Ruth CROFOOT, Plaintiff and Appellant, v. E. J. CROFOOT, Defendant and Respondent.
Plaintiff commenced an action against defendant, alleging four causes of action. The first alleged extreme cruelty; the second, adultery; the third, fraud in procuring a property settlement agreement; and the fourth, that the sum of $39,922.05 was loaned by plaintiff to defendant. Plaintiff prayed for separate maintenance, for a decree setting aside the property settlement, and for judgment for the amount of money loaned.
In his answer defendant admitted that he and plaintiff were married on September 19, 1947, but alleged that this marriage was dissolved on November 2, 1950, by a decree of divorce granted by a court in Juarez, Mexico, in a proceeding initiated therein on the same day by the plaintiff. Defendant also alleged that on the said day plaintiff telegraphed him as follows: ‘Congratulations. You are now a free man including your name,’ signing it Ruth Mayborn, her name previous to her marriage to defendant. Defendant also alleged that in reliance upon the Juarez decree and the telegram he married another woman on November 4, 1950, two days later. The allegations of cruelty and adultery were denied as were those of fraud in procurement of the property settlement agreement and the lending of money.
At the outset of the trial, by agreement of the parties, the court proceeded to consider the special defense of the bar raised by the Juarez decree. Evidence was received relative to that issue only and after the taking of such evidence had been concluded the record shows the following:
‘Mr. Diepenbrock: Then I think perhaps we should argue the legal phases of the case as presented by the evidence now in.
‘The Court: There is no further evidence or testimony to be taken on this single issue?
‘Mr. Kenny: On the issue of existing matrimonial status—that's correct.
‘Mr. Diepenbrock: It stands rested on that phase?
‘Mr. Kenny: That's right. Mr. Pierce is suggesting that out of an excess of caution, that we have a second defense to fall back to, a second trench; that is to the defense—that is the question of fraud in the procurement of the Mexican divorce. But that, I think, is not what we are working on now. We are now going on the naked legal question of whether a Mexican divorce obtained at a time when both parties were domiciled within the State of California can be recognized by the courts of this state for any purpose. Mr. Pierce's suggestion, that comes under—We are dealing now with one (a) and that would be——
‘The Court: That would be one (b).
‘Mr. Pierce: We don't want to stipulate away our claim of the fraudulent inducement.
‘The Court: The court will understand, as Mr. Kenny states, this is really issue one (a), and the (b) part would be the second trench, as he calls it, if you have to be driven out of the front lines.’
Thereafter, the court, without any further testimony being received relative to the two remaining causes of action which would not be determined by the ruling as to the validity of the Juarez divorce decree, and without any disposition of those two causes of action, made findings that plaintiff and defendant were husband and wife prior to November 2, 1950, and that they had separated prior to that date; that defendant is now a resident of Sacramento, California, and has been since September, 1949; that plaintiff lived in an apartment in Los Angeles, California, for a period of thirteen months prior to November 2, 1950; that she had previously lived in Santa Monica, California, and before that in Texas, and that she stayed in Florida for a month or two on occasions, and before coming to California she lived in Washington, D. C., where she had an apartment which she maintained until November, 1951; that on November 2, 1950, plaintiff went from Los Angeles, California, to Mexico where she remained for about thirty minutes, following which she returned to Los Angeles, California; and that while in Mexico plaintiff became party plaintiff in a suit for absolute divorce against defendant E. J. Crofoot. In its conclusions of law the court stated that it was unnecessary to adjudicate the validity of the Mexican divorce decree because as between plaintiff and defendant it had no lesser effect than would flow from a completely valid decree; and that plaintiff is barred from prosecuting the separate maintenance action and all other rights which flow from the marital status because the Mexican divorce decree has the same force and effect as though it were completely valid.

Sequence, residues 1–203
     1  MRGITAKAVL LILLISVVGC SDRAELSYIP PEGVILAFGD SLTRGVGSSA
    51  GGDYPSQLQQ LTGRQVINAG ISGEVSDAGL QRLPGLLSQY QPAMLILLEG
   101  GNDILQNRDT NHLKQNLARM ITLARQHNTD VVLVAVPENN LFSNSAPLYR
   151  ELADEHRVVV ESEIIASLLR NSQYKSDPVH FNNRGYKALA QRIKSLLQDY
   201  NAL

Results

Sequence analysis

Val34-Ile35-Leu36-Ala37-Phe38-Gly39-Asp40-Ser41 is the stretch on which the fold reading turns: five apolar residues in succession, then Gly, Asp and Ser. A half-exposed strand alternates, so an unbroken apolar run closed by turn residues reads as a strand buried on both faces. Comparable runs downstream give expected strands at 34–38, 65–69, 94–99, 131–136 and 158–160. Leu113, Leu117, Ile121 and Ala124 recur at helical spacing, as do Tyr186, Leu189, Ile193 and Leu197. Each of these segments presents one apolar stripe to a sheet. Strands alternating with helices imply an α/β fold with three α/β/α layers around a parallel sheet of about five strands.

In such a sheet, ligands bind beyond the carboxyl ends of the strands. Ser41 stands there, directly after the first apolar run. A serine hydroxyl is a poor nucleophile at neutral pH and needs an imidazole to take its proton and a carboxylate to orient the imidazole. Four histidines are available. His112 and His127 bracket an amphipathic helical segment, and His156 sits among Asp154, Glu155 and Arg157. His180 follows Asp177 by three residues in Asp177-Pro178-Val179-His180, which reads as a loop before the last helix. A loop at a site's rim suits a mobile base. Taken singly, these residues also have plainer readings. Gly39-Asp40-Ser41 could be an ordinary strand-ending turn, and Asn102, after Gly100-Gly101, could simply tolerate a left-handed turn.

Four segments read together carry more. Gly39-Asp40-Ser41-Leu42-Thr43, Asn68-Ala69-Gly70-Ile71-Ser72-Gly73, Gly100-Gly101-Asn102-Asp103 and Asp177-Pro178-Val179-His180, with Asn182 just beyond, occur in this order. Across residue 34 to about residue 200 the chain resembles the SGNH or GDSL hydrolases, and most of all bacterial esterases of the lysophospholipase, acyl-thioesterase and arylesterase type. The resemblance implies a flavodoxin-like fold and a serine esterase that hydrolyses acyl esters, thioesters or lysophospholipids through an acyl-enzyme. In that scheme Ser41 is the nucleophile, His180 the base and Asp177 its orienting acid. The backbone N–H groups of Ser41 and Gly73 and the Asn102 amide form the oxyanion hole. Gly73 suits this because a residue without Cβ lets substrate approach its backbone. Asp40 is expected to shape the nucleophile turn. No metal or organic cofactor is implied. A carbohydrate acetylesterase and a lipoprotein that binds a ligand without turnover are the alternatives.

Judgment in the action was entered in accordance with said findings and conclusions, and plaintiff has appealed from said judgment.
In her briefs appellant argues that the Mexican divorce decree was invalid under the Uniform Divorce Recognition Law of 1949, Civ.Code, §§ 150.1–150.4, and that the trial court erred in holding the appellant was estopped from contesting the validity of said divorce decree. Respondent in reply argues that the judgment is supported both by the evidence and the law. Because, for the reasons hereinafter set forth, we have concluded that the judgment was premature and that the appeal must be dismissed, we shall not discuss the arguments set forth in the briefs.
The rule has long been well settled that there can be but one final judgment in an action. As was said in de Vally v. Kendall de Vally Operalogue Co., Ltd., 220 Cal. 742, at page 745, 32 P.2d 638, at page 639: